Blair Underwood: Hardest Working Man in H'wood

Underwood loves the history behind his character. "People have a chance to be educated and entertained at the same time," he said.

"Fans of the show recognize that it is a unique hybrid," said Wright. "The show has enough literacy and genuine emotion that it's a guilty pleasure you don't have to feel guilty about. Blair's performance is a perfect example of that. He's making all kinds of nasty things happen but doing so from within a character we've never seen before."

Fortunately, the role came to him. "He was my first choice," Wright said. "Blair is the perfect guy for it, so likable and charming. I knew when I wanted to find someone to play that character, I wanted to go against type and make him trustworthy and friendly. And the TV audience really trusts Blair."

This season, Wright said, viewers can expect Elder to cement his relationship with daughter Karen Darling (wedding bells?) as a way of getting a foothold into the Darlings' business empire and pursuing his goal of destroying the family.

In his 23rd year in show business -- his first recurring role was as Bobby Blue on the soap "One Life to Live" -- Underwood is not only more selective about the roles he chooses but he's expanded beyond acting in order to create more roles for himself.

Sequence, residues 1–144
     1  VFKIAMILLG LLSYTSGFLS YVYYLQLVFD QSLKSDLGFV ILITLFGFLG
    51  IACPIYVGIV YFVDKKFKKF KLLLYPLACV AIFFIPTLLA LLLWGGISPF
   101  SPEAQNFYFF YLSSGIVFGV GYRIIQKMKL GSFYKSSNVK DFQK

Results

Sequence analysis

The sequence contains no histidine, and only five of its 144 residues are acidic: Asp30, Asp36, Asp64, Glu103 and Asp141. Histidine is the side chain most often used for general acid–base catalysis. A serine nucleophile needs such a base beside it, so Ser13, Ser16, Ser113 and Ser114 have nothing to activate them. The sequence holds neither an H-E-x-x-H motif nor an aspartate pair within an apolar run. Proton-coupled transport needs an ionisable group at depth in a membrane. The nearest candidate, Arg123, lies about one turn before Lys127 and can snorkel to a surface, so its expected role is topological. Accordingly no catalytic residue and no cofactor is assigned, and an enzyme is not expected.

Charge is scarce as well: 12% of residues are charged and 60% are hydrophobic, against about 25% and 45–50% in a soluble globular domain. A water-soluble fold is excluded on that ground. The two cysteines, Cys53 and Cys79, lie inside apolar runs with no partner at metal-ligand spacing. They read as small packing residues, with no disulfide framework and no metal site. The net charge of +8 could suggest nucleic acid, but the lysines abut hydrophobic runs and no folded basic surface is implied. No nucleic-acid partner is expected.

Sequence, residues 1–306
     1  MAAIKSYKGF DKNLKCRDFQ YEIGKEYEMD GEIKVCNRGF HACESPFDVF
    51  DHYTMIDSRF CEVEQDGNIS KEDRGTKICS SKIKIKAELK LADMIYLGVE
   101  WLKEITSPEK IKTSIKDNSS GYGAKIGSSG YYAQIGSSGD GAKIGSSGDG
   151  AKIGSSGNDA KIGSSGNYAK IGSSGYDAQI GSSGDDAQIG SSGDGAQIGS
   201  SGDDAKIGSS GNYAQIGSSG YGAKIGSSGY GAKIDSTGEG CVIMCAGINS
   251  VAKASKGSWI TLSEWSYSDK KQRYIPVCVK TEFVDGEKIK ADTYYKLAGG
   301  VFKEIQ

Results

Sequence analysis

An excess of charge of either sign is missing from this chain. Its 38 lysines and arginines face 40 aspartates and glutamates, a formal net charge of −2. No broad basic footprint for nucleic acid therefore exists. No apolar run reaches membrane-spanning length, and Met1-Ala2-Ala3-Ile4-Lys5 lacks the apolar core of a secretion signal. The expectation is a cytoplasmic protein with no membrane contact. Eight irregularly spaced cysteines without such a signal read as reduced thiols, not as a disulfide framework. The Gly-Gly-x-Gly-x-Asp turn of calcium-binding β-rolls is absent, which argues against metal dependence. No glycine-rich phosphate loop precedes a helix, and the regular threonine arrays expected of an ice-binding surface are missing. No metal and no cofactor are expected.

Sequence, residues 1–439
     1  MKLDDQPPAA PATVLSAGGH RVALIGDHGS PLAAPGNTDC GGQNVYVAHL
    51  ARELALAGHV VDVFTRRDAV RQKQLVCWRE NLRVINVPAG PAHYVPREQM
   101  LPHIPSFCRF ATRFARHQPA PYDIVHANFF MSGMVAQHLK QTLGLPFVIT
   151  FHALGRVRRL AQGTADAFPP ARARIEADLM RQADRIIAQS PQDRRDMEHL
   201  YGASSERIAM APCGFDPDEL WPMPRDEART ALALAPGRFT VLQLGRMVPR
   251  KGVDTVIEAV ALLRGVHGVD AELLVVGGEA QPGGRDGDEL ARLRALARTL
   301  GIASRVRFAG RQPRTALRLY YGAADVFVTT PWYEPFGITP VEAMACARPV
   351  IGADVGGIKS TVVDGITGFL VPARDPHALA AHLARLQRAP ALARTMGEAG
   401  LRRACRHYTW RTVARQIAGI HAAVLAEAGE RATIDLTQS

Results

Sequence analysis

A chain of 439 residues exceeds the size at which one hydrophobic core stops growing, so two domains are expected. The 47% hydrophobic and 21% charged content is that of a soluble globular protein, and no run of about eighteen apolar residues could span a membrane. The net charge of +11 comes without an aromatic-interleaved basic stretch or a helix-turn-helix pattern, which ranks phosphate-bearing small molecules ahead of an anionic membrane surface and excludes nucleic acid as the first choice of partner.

"I made a decision a long time ago. If the opportunities come to me, that's great. If not, I'll create them," Underwood said.

Recently he released "In the Night of the Heat: A Tennyson Hardwick Novel," the second book in a series of erotic mystery novels that he created with novelists Tananarive Due and Steven Barnes.

The novel's main character, Hardwick, is a former gigolo and washed-up actor. Underwood got the idea for the character from a film project years ago that would have paired him with Diana Ross. Now, with the novels out, he's hoping to bring Hardwick to the screen at last.

"From the outset, we said, 'Let's create a novel and a movie at the same time,'" Underwood said.

If it's up to Underwood, it won't be through a Hollywood studio either. Underwood's first collaboration with Due, producing her novel "My Soul to Keep" as a film, has been stuck in development at a studio for six years.

Working outside the studio, he directed his first feature film called "The Bridge to Nowhere." No, it's not about Sarah Palin and Alaska. It's about four best friends who, at loose ends with their lives, start a high-class escort service and become successful. Underwood recently screened the film for several studios in hopes of selling it.

In "Bridge," Underwood stayed behind the camera. But his first love remains acting. Fortunately, his fans can see more of him on "Dirty Sexy Money."

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